I am very excited about sharing this recipe! Maybe it is its simplicity, or its taste combination, or maybe it is the fact we are approaching Easter but I feel really excited about posting this…
It was in a cold train station, very early one morning, that I tasted this dish and was instantly hooked! This little cream pot with a soft runny egg in the middle revived memories of the ham and egg “oeuf cocotte” I used to be served as a child – a comforting, protein-packed and tasty starter…
If you don’t want to splash on truffle oil or truffle paste, you can just replace it with chopped ham and a pinch of sweet paprika. Both versions work just as well but I had bought Truffle oil and Truffle paste from Tartufaia Truffles in Borough Market as a Christmas treat and a dash of both elevated a simple family dish to new heights of deliciousness!!! I prefer using duck eggs for this because there is more of it and they cook slower than hen ones so you are less likely to overdo them ; but any egg will do – just adjust the cooking time to the size.
Duck egg in truffle cream
Steams in 10 minutes
- Duck egg
- Crème fraîche, 1 large Tbsp
- Truffle oil and/or shaved truffle, 1 tsp
- Sea salt
Take an oven-proof small dish like a “ramequins” or dariole mould and put a large dollop of crême fraîche in it. Push the curved side of your spoon in to create a dip. Crack your duck egg inside the dip. Dribble some truffle oil and add some truffle shavings (or use some Tartuffaia truffle paste if you can). Truffles are an expensive treat but you only need a little oil or paste to release the most powerful aroma so it is worth making the effort.
Steam in an electric steamer or in a pan with a little water for under 10 minutes. Stop the cooking as soon as the yolk start to set. The white will set before the yolk does and so the result is a soft boiled egg in a dish!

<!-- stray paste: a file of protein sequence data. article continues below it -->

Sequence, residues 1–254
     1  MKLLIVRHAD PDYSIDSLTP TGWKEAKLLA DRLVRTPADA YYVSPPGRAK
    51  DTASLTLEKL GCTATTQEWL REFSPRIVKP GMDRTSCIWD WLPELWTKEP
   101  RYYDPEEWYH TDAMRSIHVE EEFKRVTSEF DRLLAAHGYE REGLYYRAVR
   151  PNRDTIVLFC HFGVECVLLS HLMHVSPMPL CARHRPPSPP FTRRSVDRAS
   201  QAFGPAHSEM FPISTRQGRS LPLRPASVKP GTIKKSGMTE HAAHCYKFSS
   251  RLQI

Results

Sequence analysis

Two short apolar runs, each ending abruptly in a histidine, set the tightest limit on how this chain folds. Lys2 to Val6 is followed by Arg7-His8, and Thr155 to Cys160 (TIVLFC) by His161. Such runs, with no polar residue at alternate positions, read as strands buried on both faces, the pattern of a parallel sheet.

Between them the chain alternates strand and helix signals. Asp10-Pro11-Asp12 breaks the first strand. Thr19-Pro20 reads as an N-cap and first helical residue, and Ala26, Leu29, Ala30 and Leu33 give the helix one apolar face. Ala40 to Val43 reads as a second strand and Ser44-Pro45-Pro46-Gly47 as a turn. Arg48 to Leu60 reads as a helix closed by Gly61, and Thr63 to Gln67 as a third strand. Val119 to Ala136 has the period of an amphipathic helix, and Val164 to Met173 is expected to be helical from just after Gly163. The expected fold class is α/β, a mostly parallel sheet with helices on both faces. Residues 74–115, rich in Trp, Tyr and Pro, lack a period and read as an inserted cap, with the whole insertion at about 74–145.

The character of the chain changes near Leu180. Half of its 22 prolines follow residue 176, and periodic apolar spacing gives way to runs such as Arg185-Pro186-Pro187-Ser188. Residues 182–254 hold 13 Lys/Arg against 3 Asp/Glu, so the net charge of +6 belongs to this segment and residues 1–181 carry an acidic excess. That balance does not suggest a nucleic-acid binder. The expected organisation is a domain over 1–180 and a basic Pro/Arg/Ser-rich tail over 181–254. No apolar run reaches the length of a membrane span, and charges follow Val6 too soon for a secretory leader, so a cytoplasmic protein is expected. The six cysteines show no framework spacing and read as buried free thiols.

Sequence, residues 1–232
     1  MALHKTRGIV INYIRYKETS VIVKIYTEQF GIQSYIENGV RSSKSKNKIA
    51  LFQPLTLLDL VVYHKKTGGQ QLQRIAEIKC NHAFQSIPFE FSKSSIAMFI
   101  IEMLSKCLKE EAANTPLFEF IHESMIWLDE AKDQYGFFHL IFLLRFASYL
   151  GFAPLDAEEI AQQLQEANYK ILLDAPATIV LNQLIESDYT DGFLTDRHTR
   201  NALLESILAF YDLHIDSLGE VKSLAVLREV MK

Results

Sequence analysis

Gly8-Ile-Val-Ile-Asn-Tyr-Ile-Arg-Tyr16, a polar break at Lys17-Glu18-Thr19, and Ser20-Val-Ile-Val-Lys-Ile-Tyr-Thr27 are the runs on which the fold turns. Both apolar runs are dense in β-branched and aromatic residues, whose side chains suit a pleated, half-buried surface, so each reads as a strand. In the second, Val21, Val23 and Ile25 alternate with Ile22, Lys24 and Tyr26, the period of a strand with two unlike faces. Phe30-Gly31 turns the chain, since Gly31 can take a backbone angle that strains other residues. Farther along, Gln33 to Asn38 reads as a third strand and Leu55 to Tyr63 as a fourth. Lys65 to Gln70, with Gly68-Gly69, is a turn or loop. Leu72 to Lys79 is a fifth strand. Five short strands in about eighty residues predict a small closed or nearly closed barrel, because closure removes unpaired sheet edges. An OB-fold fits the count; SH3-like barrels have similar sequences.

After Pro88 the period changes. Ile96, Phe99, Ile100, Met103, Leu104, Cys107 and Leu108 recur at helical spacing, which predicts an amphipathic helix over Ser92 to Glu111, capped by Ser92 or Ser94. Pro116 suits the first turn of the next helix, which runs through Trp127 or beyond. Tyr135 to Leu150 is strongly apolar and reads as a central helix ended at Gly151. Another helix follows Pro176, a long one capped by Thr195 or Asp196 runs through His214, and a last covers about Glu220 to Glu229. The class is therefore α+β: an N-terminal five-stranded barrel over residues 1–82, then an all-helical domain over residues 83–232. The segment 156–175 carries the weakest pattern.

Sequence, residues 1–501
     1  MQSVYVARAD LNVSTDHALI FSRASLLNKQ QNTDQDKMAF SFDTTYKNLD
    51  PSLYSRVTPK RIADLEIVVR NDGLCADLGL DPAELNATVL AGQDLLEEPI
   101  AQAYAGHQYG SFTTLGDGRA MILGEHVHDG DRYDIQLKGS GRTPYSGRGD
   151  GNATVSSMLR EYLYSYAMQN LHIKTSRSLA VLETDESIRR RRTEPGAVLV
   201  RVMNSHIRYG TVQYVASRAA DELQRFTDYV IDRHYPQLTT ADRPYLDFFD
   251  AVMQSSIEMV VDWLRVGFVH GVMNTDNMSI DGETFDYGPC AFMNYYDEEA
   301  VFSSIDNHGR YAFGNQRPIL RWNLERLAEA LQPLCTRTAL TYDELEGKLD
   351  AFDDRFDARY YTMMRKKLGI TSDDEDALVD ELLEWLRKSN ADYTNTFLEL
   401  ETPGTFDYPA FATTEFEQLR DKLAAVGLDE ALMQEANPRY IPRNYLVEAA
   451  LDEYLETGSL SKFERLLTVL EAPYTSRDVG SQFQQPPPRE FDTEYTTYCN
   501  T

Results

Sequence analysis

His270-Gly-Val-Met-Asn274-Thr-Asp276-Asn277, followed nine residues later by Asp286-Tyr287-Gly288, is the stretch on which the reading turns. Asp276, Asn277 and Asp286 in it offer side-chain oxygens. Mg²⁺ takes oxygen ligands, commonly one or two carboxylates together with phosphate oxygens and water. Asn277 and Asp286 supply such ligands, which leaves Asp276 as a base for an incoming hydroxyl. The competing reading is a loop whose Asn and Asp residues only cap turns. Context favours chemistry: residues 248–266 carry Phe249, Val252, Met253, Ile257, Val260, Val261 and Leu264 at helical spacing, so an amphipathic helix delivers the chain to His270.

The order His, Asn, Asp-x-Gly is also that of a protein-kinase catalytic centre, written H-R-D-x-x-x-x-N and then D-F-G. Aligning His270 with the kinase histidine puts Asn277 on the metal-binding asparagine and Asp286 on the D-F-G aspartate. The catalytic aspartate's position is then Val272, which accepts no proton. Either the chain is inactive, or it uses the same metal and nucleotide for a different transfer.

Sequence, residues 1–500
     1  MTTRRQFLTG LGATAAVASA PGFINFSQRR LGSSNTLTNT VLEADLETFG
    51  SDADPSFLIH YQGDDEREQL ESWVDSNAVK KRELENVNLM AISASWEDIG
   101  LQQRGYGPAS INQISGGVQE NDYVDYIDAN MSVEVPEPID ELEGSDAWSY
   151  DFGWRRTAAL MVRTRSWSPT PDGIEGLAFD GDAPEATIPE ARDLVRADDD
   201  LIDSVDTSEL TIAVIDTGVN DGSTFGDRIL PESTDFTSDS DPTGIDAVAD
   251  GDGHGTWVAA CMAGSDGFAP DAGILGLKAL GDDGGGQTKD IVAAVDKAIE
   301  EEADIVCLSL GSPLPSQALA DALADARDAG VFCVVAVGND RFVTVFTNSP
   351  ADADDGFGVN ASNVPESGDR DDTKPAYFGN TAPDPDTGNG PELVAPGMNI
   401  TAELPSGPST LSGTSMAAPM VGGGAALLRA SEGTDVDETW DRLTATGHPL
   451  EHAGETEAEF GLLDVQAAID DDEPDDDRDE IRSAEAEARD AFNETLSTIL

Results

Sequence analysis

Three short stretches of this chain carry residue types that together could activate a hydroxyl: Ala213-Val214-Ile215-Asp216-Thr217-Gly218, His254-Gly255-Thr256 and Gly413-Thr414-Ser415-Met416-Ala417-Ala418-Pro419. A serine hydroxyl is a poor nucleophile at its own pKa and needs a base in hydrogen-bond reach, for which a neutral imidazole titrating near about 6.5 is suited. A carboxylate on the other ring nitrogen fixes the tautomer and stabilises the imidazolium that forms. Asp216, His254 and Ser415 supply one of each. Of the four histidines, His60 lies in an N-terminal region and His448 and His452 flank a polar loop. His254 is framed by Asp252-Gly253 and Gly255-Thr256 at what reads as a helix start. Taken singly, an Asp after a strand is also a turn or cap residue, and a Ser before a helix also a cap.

Serve boiling hot with a small pinch of sea salt. Add some buttered “soldiers” on the side! This is regressive and blissful cooking…
For the ham and paprika version: Just chop some cooked ham over the cream and add a pinch of smoked paprika on the egg. Success is guaranteed!
Posted in 3 to 4 ingredients, family favourite, pot luck, spring
Tagged Borough Market, cream, duck egg, Easter, easyfood, kidsfriendly, lunch treat, oeuf cocotte, savoury, truffle oil, truffles
I went to Borough Market last Friday morning, looking for some early Xmas spirit and I found: a bowlful of meaty Cep mushrooms, my 3-bird Christmas roast to order and some juicy medjool dates to stuff with marzipan, amongst other delights…
Here is where to get your Christmas shopping…
My Christmas lunch menu is taking shape and the 3-bird roast from Borough Market will be its central piece. I wanted a traditional 3-bird roast but as there are only 5 of us and the goose version serves at least 8, I have settled for a more modest version: So it is turkey breast and sausage meat with cranberries, inside a pheasant, inside a duck! The classic 3-bird roast is a pheasant inside a duck inside a goose, all boned and stuffed…
For starters, we will have a celery and stilton soup, then the roast with duck fat roasted potatoes and sweet potatoes, followed by a lemon posset with shortbread and a little of the traditional Christmas pudding – my husband insists! May be a glass of Port with it, although the pudding will be flambéd in rum.
I love using Christmas markets to furnish my table at this time of year and we plan to visit Winchester lovely English Christmas market and maybe even go for a day to Birmingham German inspired market, one of the biggest in Europe.
In London, there are plenty to choose from and one of my favourites is already up in front of the Tate Modern and along South Bank. Visit at dusk for a really atmospheric experience.
The countdown to Christmas starts on Monday the 1st with a suitable Advent calendar and then from the 4th, the decorations can go up. I will start with a Christmas wreath on the door and this time I will delay buying my Christmas tree until mid December, having learnt my lesson last year: I chose a majestic Nordman Fir tree but having bought it far too early, it was dry as fire wood by Christmas night…
Choose a beautiful wreath to hang on your door on the 1st!